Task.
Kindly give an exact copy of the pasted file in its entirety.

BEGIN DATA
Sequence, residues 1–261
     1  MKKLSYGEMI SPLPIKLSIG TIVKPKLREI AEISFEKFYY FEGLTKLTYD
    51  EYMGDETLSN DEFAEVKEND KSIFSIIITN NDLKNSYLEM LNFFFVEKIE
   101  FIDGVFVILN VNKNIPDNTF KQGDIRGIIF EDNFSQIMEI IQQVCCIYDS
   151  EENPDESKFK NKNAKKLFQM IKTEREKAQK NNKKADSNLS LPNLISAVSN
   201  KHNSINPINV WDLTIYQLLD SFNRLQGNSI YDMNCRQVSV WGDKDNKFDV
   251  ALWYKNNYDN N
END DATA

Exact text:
Sequence, residues 1–261
     1  MKKLSYGEMI SPLPIKLSIG TIVKPKLREI AEISFEKFYY FEGLTKLTYD
    51  EYMGDETLSN DEFAEVKEND KSIFSIIITN NDLKNSYLEM LNFFFVEKIE
   101  FIDGVFVILN VNKNIPDNTF KQGDIRGIIF EDNFSQIMEI IQQVCCIYDS
   151  EENPDESKFK NKNAKKLFQM IKTEREKAQK NNKKADSNLS LPNLISAVSN
   201  KHNSINPINV WDLTIYQLLD SFNRLQGNSI YDMNCRQVSV WGDKDNKFDV
   251  ALWYKNNYDN N